Unless a Special Consideration request has been submitted and approved, (a) a penalty for lateness will apply – 10 marks out of 100 credit will be deducted per day for assignments submitted after the due date – and (b) no assignment will be accepted seven days (incl. weekends) after the original submission deadline. 

 

Assessment Tasks

Name Weighting Hurdle Due
Take-home Test 40% No 23:59 07/11/2021
Weekly Quizzes 30% No 09:00 Wednesday, Weeks 3,4,5,6,7,8,9,10,11,12
Review Article 30% No 23:59 10/09/2021

Take-home Test

Assessment Type 1: Quiz/Test
Indicative Time on Task 2: 25 hours
Due: 23:59 07/11/2021
Weighting: 40%

 

Students will be asked to answer a synthetic question, related to the overall themes of the unit. They will be expected to answer the question in essay format, and draw upon the readings and texts studied in the unit.

 


On successful completion you will be able to:
  • Identify and define medieval archetypes, such as the Knight, the Lady, and, the Cleric.
  • Demonstrate a critical appreciation of the ideological implications of periodization, particularly as pertaining to the terms medieval and modern.
  • Engage with and interpret difference genres of medievalism, particularly quest narratives, chivalric romance, and, farce. Students will have developed an understanding of the implications of racial medievalist imaginaries.

Weekly Quizzes

Assessment Type 1: Quiz/Test
Indicative Time on Task 2: 10 hours
Due: 09:00 Wednesday, Weeks 3,4,5,6,7,8,9,10,11,12
Weighting: 30%

 

Students will be required to undertake 10 online quizzes during the unit. These will test comprehension of readings and films.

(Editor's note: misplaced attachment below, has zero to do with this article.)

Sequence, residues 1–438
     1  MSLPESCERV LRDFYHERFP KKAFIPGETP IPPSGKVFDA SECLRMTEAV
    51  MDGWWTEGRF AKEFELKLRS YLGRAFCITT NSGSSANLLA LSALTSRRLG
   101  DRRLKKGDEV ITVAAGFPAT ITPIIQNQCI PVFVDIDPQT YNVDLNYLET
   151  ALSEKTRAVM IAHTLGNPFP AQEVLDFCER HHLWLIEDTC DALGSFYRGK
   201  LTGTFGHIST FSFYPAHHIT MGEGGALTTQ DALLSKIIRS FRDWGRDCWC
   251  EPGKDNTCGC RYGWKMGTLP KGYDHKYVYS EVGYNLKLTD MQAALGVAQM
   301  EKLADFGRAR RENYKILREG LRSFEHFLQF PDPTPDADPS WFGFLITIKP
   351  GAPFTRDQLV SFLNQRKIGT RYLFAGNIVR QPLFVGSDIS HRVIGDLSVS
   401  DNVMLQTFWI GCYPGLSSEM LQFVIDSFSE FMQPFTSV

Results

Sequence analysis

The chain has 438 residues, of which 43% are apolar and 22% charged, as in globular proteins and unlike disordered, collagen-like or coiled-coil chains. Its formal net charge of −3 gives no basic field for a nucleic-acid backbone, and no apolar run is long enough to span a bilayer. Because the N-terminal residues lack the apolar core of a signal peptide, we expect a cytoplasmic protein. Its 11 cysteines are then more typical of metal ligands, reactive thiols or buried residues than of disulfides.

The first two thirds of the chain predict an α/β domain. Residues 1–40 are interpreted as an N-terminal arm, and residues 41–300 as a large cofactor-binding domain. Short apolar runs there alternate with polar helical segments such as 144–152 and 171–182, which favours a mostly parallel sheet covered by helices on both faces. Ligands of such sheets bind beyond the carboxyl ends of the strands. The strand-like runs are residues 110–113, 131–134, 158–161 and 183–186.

On successful completion you will be able to:
  • Identify and define medieval archetypes, such as the Knight, the Lady, and, the Cleric.
  • Engage with and interpret difference genres of medievalism, particularly quest narratives, chivalric romance, and, farce. Students will have developed an understanding of the implications of racial medievalist imaginaries.

Review Article

Assessment Type 1: Case study/analysis
Indicative Time on Task 2: 30 hours
Due: 23:59 10/09/2021
Weighting: 30%

 

Students will review a piece of self-chosen medievalist text, and identify the type of genre and location for which they are writing, such as a film review for a newspaper, or a video game review for a website. To complete this task successfully, students will define medievalism, locate their text in its type of medievalism, and reflect upon the text's use of the past in relation to its contemporary context of production.

 


On successful completion you will be able to:
  • Identify and define medieval archetypes, such as the Knight, the Lady, and, the Cleric.
  • Locate and explain varying instances of medievalism over time, from the early-modern period to the current day.
  • Demonstrate a critical appreciation of the ideological implications of periodization, particularly as pertaining to the terms medieval and modern.
  • Engage with and interpret difference genres of medievalism, particularly quest narratives, chivalric romance, and, farce. Students will have developed an understanding of the implications of racial medievalist imaginaries.

1 If you need help with your assignment, please contact: